Swords of Cerebus, Volume One

Writer / Artist
Swords of Cerebus, Volume One
Swords of Cerebus 1 review
  • North American Publisher / ISBN: Aardvark Vanaheim - 0712-1962
  • Release date: 1981
  • Format: Black and white
  • Contains adult content?: no
  • Does this pass the Bechdel test?: no
  • Positive minority portrayal?: no
  • CATEGORIES: Fantasy, Humour

Cerebus creator and self-publisher Dave Sim vowed from the outset he would always keep his entire back catalogue in print. Swords of Cerebus was how he first chose to do that, with five volumes collecting four issues of the comic into one nice package, and a sixth gathering five issues. After the success of High Society, published in one massive 600-page book, Sim abandoned the Swords format and instead collected the first 25 issues into one similarly-sized volume: Cerebus.

Cerebus started out as a blatant ‘homage’ to Robert E. Howard’s Conan stories, and more specifically Marvel artist Barry Windsor-Smith’s work on the character. Sim clearly isn’t in the same league as the artist he attempts to emulate, although his style develops quickly and was soon to move beyond the restrictions of the swords and sorcery genre.

The first story, ‘The Flame Jewel’ (only so-called for the Cerebus collection, it was originally untitled) is action-packed, very much in the Conan mould, that quickly establishes Cerebus as a fighter of great skill, something perhaps not readily apparent from his appearance. As someone who always refers to himself in the third person. Sim wisely has his aardvark face-off against a shadow beast for his first fight (it’s easy to draw) and the story satisfies on every level, at least as far as an unambitious funny animal fantasy spoof.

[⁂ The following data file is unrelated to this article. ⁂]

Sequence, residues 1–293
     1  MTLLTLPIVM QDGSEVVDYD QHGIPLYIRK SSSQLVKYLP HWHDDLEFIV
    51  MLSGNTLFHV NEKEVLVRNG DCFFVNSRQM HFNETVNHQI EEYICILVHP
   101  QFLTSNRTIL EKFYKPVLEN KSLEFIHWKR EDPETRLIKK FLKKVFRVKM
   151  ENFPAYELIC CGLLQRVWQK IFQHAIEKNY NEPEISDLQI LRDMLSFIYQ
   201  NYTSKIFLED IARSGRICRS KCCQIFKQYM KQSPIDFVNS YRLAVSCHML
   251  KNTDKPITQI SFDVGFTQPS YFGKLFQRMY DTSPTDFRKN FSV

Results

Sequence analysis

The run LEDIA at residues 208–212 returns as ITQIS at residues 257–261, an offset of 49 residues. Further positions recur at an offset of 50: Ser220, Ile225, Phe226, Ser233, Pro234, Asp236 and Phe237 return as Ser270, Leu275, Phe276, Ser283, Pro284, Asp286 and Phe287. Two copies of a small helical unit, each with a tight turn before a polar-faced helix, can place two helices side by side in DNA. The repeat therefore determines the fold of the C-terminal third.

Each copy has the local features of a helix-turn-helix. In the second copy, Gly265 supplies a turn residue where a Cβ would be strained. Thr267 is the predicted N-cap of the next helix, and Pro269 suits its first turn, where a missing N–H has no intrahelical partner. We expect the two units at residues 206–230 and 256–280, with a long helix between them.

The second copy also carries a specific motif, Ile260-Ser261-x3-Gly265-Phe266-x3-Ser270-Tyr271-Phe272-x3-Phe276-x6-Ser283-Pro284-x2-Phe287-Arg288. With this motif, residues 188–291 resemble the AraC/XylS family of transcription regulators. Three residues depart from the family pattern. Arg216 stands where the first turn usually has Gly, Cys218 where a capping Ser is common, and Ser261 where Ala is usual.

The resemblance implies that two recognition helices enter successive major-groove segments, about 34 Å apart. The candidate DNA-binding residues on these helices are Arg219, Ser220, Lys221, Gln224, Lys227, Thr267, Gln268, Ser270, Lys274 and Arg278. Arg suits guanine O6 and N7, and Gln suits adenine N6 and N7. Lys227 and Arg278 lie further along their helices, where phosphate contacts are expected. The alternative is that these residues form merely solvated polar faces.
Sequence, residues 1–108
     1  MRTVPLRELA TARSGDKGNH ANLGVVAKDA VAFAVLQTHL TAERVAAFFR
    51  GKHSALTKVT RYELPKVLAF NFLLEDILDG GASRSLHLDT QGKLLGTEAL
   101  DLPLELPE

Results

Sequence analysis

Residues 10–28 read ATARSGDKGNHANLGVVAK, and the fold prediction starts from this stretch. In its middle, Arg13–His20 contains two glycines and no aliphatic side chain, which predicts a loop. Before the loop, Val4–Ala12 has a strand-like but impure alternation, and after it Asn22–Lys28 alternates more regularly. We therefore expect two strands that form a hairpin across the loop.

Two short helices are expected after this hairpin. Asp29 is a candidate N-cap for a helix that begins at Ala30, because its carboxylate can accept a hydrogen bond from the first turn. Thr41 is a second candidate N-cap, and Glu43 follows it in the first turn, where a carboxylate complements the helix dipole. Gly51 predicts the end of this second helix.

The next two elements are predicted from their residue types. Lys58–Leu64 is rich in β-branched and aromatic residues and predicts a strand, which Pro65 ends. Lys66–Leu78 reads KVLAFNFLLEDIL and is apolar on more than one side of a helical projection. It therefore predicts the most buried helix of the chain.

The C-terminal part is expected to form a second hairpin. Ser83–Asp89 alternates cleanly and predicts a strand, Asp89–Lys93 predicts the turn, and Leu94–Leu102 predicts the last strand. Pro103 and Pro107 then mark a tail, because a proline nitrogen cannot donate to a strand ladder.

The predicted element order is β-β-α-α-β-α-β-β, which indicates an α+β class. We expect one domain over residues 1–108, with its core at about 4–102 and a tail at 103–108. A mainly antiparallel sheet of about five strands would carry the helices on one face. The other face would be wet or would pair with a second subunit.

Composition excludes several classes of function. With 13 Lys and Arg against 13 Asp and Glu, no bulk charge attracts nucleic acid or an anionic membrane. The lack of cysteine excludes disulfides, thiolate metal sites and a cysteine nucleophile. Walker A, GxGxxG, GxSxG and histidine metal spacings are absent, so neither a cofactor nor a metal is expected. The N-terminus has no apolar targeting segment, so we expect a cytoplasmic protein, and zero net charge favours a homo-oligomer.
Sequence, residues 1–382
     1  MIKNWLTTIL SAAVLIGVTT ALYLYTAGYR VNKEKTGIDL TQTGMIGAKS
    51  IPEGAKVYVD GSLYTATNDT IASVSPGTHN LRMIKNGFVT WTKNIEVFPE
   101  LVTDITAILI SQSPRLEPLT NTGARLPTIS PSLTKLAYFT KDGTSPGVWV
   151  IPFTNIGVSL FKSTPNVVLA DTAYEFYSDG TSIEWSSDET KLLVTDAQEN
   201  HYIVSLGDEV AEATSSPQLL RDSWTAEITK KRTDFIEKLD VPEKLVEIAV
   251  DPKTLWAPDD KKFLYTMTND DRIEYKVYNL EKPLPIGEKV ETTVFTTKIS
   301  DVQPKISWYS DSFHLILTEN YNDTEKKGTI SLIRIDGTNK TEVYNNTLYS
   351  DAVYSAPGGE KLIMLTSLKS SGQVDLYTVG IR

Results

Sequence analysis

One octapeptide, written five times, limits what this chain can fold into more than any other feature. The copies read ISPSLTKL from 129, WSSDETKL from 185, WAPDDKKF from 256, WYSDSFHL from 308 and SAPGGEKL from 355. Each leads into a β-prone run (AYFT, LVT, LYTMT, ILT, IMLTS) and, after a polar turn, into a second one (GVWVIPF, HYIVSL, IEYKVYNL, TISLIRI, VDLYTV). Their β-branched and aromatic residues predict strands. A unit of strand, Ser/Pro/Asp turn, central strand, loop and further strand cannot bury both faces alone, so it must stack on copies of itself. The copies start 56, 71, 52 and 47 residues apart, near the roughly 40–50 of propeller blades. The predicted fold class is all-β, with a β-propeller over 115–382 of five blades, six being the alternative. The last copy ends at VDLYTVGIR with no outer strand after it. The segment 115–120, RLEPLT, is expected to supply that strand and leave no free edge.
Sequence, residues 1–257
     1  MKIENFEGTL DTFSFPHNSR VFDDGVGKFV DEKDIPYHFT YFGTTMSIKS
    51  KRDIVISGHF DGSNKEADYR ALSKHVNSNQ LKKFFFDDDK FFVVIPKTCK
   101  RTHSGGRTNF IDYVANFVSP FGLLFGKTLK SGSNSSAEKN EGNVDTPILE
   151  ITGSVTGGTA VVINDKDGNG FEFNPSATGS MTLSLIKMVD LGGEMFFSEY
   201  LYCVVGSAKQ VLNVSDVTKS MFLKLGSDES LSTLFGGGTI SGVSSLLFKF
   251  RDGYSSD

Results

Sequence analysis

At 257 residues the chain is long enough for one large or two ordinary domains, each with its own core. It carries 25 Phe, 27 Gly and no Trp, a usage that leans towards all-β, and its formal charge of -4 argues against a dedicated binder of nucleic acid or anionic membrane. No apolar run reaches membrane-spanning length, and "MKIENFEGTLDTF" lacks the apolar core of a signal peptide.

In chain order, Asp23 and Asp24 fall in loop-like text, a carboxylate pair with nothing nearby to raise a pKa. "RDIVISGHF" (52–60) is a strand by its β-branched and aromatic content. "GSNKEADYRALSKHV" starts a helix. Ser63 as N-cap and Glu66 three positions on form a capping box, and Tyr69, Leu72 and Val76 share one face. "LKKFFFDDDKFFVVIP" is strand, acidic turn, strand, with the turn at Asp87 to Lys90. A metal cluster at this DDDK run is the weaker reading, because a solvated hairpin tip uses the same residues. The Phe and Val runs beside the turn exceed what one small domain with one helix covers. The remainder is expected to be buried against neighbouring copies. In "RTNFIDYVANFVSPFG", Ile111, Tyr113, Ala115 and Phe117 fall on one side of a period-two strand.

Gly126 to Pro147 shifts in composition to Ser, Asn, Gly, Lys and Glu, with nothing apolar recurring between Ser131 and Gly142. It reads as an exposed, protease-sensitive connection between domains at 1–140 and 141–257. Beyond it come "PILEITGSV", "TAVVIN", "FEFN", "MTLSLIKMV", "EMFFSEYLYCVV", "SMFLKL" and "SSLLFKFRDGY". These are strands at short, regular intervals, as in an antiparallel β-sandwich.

In the introduction to the second story, ‘Captive in Boreala’, Sim admits that part of the attraction of was the setting, with barren snowy wastes much easier to draw than buildings and lots of people. This story is also the first time, though not the last, that we see the famed Earth-Pig Snout Punch!

For ‘Song of Red Sophia’, Sim moved his attention to another Marvel artist, Frank Thorne, and his version of another Robert E. Howard character, Red Sonja. Thorne actually appears depicted in the story, as Henrot the wizard, Red Sophia’s father.

‘Death’s Dark Tread’, the final story, introduces Elrod of Melvinbone, Sim’s pastiche of Michael Moorcock’s Elric of Melniboné, with the voice and mannerisms of Foghorn Leghorn. Elrod was to prove massively popular and would return time and again.

This volume concludes with ‘The Name of the Game is Diamondback’, an eight-page standalone story (with layouts by Marshall Rogers) not included in the Cerebus collection. It’s extras like this, as well as the introductory essays and painted covers, that make it worthwhile seeking out these books, which are still widely available, and affordable.

Although these early stories are undeniably very rough, especially the art, they have loads of youthful charm and enthusiasm. Furthermore, even at this stage, it was clear that Sim was a writer of some skill, especially good at humour, who told well thought-out stories with a great deal of wit and intelligence.